When I think about my most rewarding or successful trip, I often go back to a trip I made to Thailand in 2010 — and it’s largely due to color. Thailand is a very colorful place to begin with and they happened to be burning in the fields when I was there which softened and warmed the light as it filtered through the smoke in the air. Plus Thailand was exotic and new to me. That’s always fun and I love to explore places that surprise me around every turn. If I counted up shots that I felt were really successful, that trip probably had more than most.

 

Jokulsarlon Glacier Lagoon, Iceland, Europe

Jokulsarlon, the iceberg lagoon on the south coast of Iceland, is a stunning landscape of ever-changing shapes and color. I liked the zodiac driver’s orange vest in contrast to the luminous blues of the ice and the small boat provided a reference for scale. Nikon D700, Tamron 150-600@150mm, ISO 400, f/8, 1/800 sec.

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The area around Taishun, China, boasts several of these amazing covered bridges. The soft, warm light at the end of the day makes the weathered red paint glow. Nikon D7000, Tamron 16-300@16mm, ISO 100, f/5.6, 1/200 sec.

 

Resource Travel: Like the rest of the world, I am sure you have a bucket list. If you had a free ticket to anywhere in the world, leaving tomorrow, where would you go and why?

Honestly, I don’t really have a bucket list. At least not in terms of a finite list of things I just want to be able to check off before I die. The realities of my work mean that I don’t often get to choose where I’ll go next, it will just be the next place that offers me the opportunity. And, even if a destination was never on my radar, I will almost always find it fascinating. For me, it’s the travel itself — the exploration — almost more than the place. That said, if I had my choice, I do tend to prefer cooler climates. If I found myself with a free airline ticket to anywhere that I had to use tomorrow, I’d probably head for the Lofoten islands in Norway, or the Outer Hebrides of Scotland, Shetland, the Faroe Islands… maybe I do have a list!

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When the city of Valencia, Spain, re-routed the river that bisected it, the original riverbed was reclaimed for gardens and modern architectural masterpieces to house museums and concert halls. Waiting for the bicycle to complete this frame provided a needed pop of contrasting color and interest. Nikon D7000, Tamron 16-300@86mm, ISO 100, f/8, 1/500 sec.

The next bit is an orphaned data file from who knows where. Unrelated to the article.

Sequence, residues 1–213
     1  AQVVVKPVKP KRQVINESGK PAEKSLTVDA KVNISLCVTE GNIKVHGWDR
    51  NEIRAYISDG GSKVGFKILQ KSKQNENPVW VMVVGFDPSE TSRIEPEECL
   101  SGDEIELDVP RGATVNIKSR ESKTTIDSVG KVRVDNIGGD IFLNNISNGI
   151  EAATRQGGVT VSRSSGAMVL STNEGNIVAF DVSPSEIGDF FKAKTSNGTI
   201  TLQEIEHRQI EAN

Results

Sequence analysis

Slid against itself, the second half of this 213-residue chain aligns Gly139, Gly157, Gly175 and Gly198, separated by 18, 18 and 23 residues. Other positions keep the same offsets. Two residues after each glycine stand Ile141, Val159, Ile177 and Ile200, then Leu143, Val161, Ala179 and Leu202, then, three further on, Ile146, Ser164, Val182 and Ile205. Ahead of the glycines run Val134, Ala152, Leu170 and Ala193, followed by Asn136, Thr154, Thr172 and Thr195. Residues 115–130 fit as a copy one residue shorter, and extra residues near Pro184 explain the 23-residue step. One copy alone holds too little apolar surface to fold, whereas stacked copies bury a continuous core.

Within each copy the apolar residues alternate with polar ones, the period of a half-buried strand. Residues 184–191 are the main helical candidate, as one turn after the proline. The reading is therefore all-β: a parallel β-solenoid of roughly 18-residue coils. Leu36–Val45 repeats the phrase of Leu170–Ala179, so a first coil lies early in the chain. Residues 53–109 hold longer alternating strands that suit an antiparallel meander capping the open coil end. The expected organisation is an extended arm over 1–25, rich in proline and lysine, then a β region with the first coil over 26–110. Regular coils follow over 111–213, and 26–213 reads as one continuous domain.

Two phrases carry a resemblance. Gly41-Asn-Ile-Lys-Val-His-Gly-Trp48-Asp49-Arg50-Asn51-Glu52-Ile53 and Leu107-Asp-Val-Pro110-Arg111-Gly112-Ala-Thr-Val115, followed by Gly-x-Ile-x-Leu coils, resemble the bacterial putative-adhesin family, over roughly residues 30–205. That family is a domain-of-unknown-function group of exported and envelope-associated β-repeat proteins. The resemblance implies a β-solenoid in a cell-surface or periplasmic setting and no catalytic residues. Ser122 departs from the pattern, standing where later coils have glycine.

Casino of Murcia, Murcia, Region of Murcia, Spain, Europe

The casino in Cartagena, Spain, borrows the rich detail of the early moorish architecture of the region and provides a wonderful textural study for photography. Nikon D7000, Tamron 16-300@52mm, ISO 400, f/5, 1/30 sec.

 

Resource Travel: What was the most difficult moment in all of your travels? Maybe a time where you didn’t feel safe, or where everything just seems to have gone wrong? Have you ever faced such difficulty you ever found yourself just wanting to be back home?

Happily, I don’t find myself in too many unsafe situations. Unlike shooting in war zones or doing other high-risk reportage, travel photography tends to take you to places that want you there. When done right, it’s a mutually beneficial relationship between the photographer and the destination. My goal is to make interesting, compelling, beautiful images of a place that other people will see, and that may inspire them to visit. Travel is a major industry in many parts of the world and destinations that rely on travel want more travelers. I do my best to inspire them to go.

That said, if you’re not welcome — or if you make yourself unwelcome by not understanding the local culture — then you may walk into a bad situation. Being aware and doing your homework before traveling prevents a lot of these issues. Find out what legally can and can’t be photographed in a new location before visiting. If someone doesn’t appear to want to be photographed, don’t push it. Be respectful. And be aware of your surroundings at all times.

Equipment failures can be another type of difficult situation and I do my best to avoid those by carrying back-up equipment and duplicate hard drives that I can off-load images to frequently.

 

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Trujillo is one of my favorite cities in Spain. The plaza mayor transports you back to the 17th century and is especially enchanting at twilight. Nikon D7000, Tamron 16-300@16mm, ISO 800, f/5, 1/60 sec.

Leshan Giant Buddha, Leshan, Sichuan Province, China, Asia